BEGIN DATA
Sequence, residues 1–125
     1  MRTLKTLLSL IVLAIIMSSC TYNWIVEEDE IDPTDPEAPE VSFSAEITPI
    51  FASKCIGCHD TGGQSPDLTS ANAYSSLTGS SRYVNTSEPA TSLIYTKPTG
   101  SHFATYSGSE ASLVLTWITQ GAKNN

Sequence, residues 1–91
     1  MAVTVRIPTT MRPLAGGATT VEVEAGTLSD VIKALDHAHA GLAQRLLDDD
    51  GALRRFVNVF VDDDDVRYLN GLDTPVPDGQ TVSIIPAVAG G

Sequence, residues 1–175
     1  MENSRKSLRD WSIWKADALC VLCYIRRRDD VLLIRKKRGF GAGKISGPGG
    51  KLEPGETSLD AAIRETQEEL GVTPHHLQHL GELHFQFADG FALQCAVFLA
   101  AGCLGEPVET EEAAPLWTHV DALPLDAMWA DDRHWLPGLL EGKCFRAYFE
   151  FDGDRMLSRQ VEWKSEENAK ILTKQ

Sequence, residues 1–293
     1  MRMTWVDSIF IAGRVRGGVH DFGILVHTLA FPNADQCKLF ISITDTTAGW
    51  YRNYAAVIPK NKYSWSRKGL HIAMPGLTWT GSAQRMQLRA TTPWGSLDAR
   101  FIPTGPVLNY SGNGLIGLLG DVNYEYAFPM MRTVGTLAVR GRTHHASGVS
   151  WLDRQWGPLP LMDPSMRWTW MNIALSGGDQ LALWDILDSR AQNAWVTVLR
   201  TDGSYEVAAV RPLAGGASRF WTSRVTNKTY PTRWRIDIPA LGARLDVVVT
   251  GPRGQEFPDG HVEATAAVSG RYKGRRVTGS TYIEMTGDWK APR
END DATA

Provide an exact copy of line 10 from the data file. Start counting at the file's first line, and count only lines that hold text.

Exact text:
    51  KLEPGETSLD AAIRETQEEL GVTPHHLQHL GELHFQFADG FALQCAVFLA